India’s top fantasy sports platform, Dream11, joined the Unicorn Club in April with a huge fantasy game user base of around 65 million. It also clinched a deal with IPL as its official gaming partner. Dream11 co-founders Bhavit Sheth and Harsh Jain discuss whether fantasy cricket is “skill” or “betting/gambling” with Prachi Pinglay-Plumber and Jyotika Sood. Edited excerpts:
Why fantasy sport?
Bhavit: Harsh and I used to play fantasy football for the EPL. When IPL came around, we wanted to play fantasy cricket, but it did not exist. Then we thought that as something so potentially engaging is not available, let’s create it ourselves.
How does this work? What’s your business model?
Bhavit: Say there is a Mumbai-Hyderabad match going on; before the match starts, you have to select a total of 11 from a pool of 30-odd players, who you think would perform the best. We have provided certain credits to each player and you have to select a team within 100 credits only. So you can’t choose all superstars as you have to optimise your budget. You have to mimic a real team, like the selectors do—choose a wicket-keeper, batsmen etc. Once you are done with that, we have two types of contests—free-to-play and pay-to-play. In free-to-play, if you win, you just win bragging rights. In pay-to-play, you pay money that gets pooled and whoever wins gets a certain percentage of that pool after deducting our fee. In larger contests, the winner takes all, but we try to distribute it among at least 50 per cent of the contestants. Currently, 85 per cent users opt for free-to-play.
How much money do people win?
Bhavit: You pay Rs 44 to play and the total prize pool is Rs 10 crore. Around 34 lakh people join the contest and the winner gets Rs 30 lakh. The rest gets distributed.
How big is fantasy sports in India?
Harsh: Today, there are 850 million cricket fans in India, of whom more than 400 million follow cricket online. With 65 million users, we have connected with just a small portion of sports fans in India and are looking at ending the financial year with 100 million users.
How big is your company?
Bhavit: We have 220 people working out of a single office in Mumbai. Regarding financials, we don’t share any figure publicly.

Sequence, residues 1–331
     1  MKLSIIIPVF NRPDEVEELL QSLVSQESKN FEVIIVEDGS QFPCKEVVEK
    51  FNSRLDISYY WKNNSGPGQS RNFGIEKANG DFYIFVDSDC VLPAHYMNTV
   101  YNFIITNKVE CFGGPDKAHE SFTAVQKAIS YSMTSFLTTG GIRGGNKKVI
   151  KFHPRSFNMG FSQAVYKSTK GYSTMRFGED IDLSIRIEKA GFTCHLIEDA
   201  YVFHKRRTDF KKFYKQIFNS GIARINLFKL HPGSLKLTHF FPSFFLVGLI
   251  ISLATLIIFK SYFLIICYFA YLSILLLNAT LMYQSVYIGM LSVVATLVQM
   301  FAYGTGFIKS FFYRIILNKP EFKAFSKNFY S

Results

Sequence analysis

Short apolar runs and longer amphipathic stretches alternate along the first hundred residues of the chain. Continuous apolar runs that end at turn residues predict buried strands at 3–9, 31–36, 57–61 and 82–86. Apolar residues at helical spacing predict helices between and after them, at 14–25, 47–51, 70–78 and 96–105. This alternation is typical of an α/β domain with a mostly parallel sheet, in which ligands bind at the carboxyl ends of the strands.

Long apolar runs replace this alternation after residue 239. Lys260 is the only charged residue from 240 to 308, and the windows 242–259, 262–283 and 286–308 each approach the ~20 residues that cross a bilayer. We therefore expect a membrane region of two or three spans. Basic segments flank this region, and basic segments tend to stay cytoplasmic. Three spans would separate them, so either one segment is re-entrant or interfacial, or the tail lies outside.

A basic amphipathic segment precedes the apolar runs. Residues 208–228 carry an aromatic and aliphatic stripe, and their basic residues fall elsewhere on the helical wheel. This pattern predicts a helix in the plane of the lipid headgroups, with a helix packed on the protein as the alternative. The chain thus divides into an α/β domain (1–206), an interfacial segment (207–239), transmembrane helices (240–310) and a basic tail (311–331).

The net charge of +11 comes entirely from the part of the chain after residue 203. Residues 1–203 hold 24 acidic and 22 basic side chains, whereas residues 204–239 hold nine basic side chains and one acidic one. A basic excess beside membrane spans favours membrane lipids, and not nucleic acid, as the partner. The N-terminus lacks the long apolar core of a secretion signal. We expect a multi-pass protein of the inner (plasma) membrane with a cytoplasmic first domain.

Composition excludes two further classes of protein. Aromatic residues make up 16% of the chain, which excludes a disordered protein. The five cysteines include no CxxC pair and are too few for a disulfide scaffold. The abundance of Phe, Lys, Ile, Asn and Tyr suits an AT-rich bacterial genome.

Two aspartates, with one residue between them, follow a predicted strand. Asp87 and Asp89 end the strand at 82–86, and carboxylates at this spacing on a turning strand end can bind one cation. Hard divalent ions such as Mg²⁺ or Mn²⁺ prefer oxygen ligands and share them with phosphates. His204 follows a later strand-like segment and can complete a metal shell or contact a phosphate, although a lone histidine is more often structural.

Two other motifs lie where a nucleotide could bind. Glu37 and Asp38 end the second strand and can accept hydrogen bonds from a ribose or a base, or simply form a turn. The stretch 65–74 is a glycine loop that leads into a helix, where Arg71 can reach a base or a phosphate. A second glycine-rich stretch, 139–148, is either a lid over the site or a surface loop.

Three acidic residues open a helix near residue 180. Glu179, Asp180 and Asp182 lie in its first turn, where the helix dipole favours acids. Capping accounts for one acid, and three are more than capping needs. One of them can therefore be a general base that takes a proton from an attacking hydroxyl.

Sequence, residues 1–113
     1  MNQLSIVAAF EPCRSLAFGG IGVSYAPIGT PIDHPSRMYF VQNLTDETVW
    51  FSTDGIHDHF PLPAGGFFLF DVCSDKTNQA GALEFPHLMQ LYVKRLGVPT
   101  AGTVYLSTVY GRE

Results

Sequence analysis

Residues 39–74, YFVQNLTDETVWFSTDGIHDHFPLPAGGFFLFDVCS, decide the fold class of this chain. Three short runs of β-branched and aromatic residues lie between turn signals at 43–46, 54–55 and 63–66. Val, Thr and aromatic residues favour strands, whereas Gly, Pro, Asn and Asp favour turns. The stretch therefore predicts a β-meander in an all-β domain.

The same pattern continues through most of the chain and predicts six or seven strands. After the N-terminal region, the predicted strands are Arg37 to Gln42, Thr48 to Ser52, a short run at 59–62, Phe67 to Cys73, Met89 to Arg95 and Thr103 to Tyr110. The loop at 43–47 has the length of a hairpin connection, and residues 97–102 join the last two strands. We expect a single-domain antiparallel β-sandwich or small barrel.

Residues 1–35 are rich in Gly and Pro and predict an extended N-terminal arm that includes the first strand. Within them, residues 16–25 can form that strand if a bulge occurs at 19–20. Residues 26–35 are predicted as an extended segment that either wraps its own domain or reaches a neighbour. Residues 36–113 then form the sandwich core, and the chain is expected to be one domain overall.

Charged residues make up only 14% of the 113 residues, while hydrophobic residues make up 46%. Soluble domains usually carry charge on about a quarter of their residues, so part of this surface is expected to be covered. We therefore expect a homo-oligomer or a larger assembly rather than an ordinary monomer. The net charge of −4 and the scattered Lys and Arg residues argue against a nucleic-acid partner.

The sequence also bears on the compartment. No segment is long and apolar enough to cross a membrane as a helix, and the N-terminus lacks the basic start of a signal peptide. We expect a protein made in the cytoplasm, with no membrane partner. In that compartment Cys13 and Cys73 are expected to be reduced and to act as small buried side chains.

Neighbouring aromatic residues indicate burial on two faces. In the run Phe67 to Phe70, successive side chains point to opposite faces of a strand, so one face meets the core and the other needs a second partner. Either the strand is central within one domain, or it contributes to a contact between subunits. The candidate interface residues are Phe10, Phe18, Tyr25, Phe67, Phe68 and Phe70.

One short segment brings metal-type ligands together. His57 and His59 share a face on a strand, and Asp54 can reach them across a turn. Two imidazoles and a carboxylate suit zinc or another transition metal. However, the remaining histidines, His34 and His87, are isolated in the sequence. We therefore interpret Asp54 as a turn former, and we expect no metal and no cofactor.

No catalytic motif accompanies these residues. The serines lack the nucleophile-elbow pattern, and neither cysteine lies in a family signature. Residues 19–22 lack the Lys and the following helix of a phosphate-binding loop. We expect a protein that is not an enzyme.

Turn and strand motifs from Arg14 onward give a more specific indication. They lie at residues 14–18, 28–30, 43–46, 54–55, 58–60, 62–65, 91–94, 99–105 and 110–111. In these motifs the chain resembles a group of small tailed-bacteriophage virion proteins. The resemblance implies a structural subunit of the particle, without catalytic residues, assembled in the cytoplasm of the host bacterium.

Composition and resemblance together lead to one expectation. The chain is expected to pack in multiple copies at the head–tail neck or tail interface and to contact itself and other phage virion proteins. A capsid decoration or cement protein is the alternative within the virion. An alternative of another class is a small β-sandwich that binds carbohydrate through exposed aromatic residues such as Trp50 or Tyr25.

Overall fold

Isn’t fantasy sport a form of gambling? Do people also lose money?
Bhavit: Usually people lose only Rs 44. And we are sure that ours is a completely legal business model. This is not betting or gambling, but a game of skill. In 2017, when a lawyer filed a case against Dream11, saying it should be shut down, the Punjab and Haryana HC ruled that it’s not betting and gambling, but a game of skill and a business protected under the Constitution of India. Then the lawyer appealed to the SC, but the petition was dismissed.
Dream11 is not allowed in some states. If you got a favourable judgment from the HC and the SC, why aren’t you able to start in these states?
Bhavit: This is a state subject. Most states have adopted the Central Public Gambling Act, which makes an exception for games of skill. In some states, it’s not clear whether these games, which involve money, are allowed or not. So we stay out as a precautionary measure.
BCCI was not keen on this format. How did you convince them?
Bhavit: We have been talking to them for a few years, and they actually wanted to do it, but their conditions were so onerous that it didn’t make sense for us. Now that fantasy sports have grown, they understand the value and engagement it brings. So they are more willing to do it without the terms and conditions.
Tell us about Dream11 in IPL.
Bhavit: IPL is when interest in cricket is at its maximum. That’s when most user acquisition happens. Last year, before IPL, we had 20 million users and by the end, we had added 20 million more.